The recent horrific paedophile exposure in Malaysia has made some aware of the extensive nature and risk to children of these perverted individuals. Unfortunately many parents, including professionals, have made little change in their lives to protect their children. They remain blasé (unmoved) as to the threat and continue to expose their children and families to this danger. Kindly allow me to give one clear example.
Many parents happily post images of their children on social media – on Facebook and Twitter or use their child’s image as a profile image on WhatsApp or WeChat, etc. This provides a rich source of images of children for paedophiles to access and use. One Australian study found that 50% of all images used by websites frequented and maintained by paedophiles came from social media sites.
I see a significant number of my paediatric colleagues, who should know better (having seen numerous child abuse cases), also behaving in the same unsafe way. As Malaysians we are offering paedophiles a ‘supermarket’ of our children’s images to browse and access. Paedophiles are not just interested in pictures of naked children but also get aroused by pictures of cute children, even when dressed. These images are then re-posted on paedophile websites and shared with other perverts, some of whom will masturbate looking at our children (horrible just thinking of it). The biggest danger will of course be the hard-core individuals who will use this easy access to identify children to target for actual physical contact and sexual abuse. This is easy given the largely unlimited access many parents give to children to social media via their hand phones and easy internet access. One study we did at CRC Perak, of Malaysian 2 year olds in 2015, showed that more that 60% had unsupervised access to internet via hand phones or tablets; older children have even greater access. A large proportion of children I have met in my clinical practice also have their own Facebook accounts despite being less than 12 years of age.
Are Malaysian parents ignorant or just plain careless? This includes medical professionals. The world is rapidly changing and we need to change to support our children. This fascination with sharing our images online, especially those of our children, must stop.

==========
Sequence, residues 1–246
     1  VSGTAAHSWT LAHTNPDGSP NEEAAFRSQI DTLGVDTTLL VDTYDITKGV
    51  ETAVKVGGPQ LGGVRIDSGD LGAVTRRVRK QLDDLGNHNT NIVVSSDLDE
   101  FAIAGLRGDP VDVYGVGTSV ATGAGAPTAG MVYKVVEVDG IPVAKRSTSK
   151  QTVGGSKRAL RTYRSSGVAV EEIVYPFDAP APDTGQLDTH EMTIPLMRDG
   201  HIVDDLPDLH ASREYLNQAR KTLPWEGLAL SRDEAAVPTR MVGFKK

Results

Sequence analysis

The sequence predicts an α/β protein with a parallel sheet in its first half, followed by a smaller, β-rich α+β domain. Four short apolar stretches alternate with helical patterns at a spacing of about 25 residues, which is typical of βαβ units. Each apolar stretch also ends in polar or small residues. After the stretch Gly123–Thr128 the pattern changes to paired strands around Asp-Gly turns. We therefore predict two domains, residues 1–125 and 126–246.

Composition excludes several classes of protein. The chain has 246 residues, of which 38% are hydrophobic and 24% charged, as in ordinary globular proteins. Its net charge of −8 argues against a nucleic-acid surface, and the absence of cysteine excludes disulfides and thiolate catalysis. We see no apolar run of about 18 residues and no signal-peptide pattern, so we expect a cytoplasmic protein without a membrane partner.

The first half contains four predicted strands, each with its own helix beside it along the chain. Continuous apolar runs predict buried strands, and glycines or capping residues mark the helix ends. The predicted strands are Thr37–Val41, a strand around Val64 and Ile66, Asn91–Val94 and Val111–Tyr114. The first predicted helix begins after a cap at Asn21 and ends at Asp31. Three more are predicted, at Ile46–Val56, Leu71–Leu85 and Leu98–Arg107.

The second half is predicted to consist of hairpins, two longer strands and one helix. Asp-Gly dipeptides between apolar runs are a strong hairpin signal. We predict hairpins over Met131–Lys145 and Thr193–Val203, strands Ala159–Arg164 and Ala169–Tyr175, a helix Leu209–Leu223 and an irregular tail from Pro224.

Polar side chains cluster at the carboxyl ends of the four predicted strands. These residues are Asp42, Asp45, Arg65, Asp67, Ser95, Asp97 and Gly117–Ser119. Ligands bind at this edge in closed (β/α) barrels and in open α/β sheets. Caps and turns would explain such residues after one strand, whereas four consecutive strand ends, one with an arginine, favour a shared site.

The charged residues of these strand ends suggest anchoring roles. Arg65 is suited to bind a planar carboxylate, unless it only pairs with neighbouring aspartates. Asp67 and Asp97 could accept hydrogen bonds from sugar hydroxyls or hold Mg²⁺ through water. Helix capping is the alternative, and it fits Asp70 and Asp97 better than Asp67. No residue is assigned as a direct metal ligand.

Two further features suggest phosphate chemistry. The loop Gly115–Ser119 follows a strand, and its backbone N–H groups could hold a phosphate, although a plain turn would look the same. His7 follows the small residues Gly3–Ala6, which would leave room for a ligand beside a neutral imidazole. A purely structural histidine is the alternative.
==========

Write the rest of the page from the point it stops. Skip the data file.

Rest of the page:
Some recommendations for us all to protect our children:
Do not use your child’s or family photo (which includes children) as a profile image for any social media application or site.
Do not post images of your child online on Facebook, Twitter or other ‘open’ social media sites. If you need to share with family then restrict access to such images on the site or, better still, use closed groups like the Telegram app.
Do not post pictures of your child in any state of undress (shorts, swimwear, etc).
Do not disclose your home location/address or child’s school location online.
Discuss basic online safety rules with your children periodically.
Monitor your child’s access and use of the internet and social media sites.
Limit your child’s access to Facebook and other social network sites. Make sure they are mature enough before they use such sites.
Parents should also limit their own time on social media site and hand phone usage.
Setting an example for our children is vital. Be emotionally and spiritually in touch with your children rather than be connected electronically.
One day, when your child is an adult, they may ask you why their childhood images are being circulated and used online by dubious individuals. There is no return, no way to remove, any image shared on line once it has been re-shared or downloaded. Internet control has limitations, thus parents need to take action and play their part.
Dato’ Dr Amar-Singh HSSSenior Consultant PaediatricianHead Paediatric Department, Hospital RPB Ipoh, PerakHead Clinical Research Center Perak